Our final day in Honduras (other than the travel day home) was bittersweet. We all ached to be back home with our families, but it was hard to leave those we had come to care about in Honduras. Our first task of the day was to visit a church that Cross Point (the church we attend in the states) had helped to build on previous visits. We handed out some food and school supplies there and then continued on our way.
We went to a center for children with MS and other degenerative illnesses. I was impressed with the center; they had a therapy pool and a nice outdoor playground area. Most of the children were confined to wheelchairs or strollers. We made some balloon animals, and then each of us "claimed" one of the kids and took him/her for a walk. I paired with a little girl named Paula. She looked to be about 6 or 7 but was in a stroller as she was unable to walk or move much at all. She did have some movement in her arms and was able to turn her head. She wasn't verbal and didn't want to make a lot of eye contact. As we walked, we talked to the kids, although not in Spanish, and then we gathered in the middle to sing some songs together. We sang Cristo te ama (Jesus Loves Me...one of the few songs we knew in Spanish) and I held Paula's hand and stroked her hair off her forehead. It was a very emotional time for all of us...knowing that these children were not long for this world. I prayed for Paula that her time on earth would be pain free and short...that Jesus would soon take her home.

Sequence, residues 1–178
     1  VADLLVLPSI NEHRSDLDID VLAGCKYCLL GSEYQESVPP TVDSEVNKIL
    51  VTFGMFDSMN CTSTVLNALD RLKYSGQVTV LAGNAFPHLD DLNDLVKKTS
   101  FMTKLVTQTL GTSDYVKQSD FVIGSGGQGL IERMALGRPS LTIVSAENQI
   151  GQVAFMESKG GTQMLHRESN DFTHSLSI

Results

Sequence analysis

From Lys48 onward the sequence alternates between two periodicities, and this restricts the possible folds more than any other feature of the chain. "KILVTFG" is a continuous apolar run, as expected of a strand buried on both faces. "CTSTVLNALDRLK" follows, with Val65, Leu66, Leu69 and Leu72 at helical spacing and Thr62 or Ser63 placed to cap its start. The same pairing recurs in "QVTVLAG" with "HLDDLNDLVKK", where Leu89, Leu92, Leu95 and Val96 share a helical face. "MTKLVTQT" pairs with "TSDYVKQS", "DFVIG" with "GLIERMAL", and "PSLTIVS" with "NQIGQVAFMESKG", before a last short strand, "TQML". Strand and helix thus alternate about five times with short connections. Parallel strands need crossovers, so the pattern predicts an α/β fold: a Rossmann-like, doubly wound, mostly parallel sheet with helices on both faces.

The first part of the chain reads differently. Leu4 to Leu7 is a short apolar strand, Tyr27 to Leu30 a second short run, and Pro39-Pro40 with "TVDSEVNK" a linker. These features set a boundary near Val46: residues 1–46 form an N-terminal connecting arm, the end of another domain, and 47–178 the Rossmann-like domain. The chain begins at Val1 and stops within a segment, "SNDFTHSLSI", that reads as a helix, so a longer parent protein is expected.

Before we left, the director told us that one of the kids needed surgery that would enable him to walk, but they didn't have the money for it. We were able to hand her the cash right there. Amazing!
We went out for an authentic Honduran lunch at an amazing restaurant. They brought free appetizers to our table that would have been enough for lunch. Some of the guys had shish-kabobs as long as my arm with pieces of meat the size of my fist. The food was excellent.
After eating, we headed up the mountain to the "Jesus statue". We had seen the statue as we drove around the city, and learned there was a national park there. We drove up and spent about an hour walking around the park and taking pictures of the city.
Spent the evening packing up and saying our goodbyes...
Honduras was life changing for me, but already I feel it fading. It's two months ago now, and my life is back to normal. I don't want it to fade in to a memory, I want it to permeate my actions and thoughts. I want the impact to be something I face every day. I want to remember what I saw and what God did.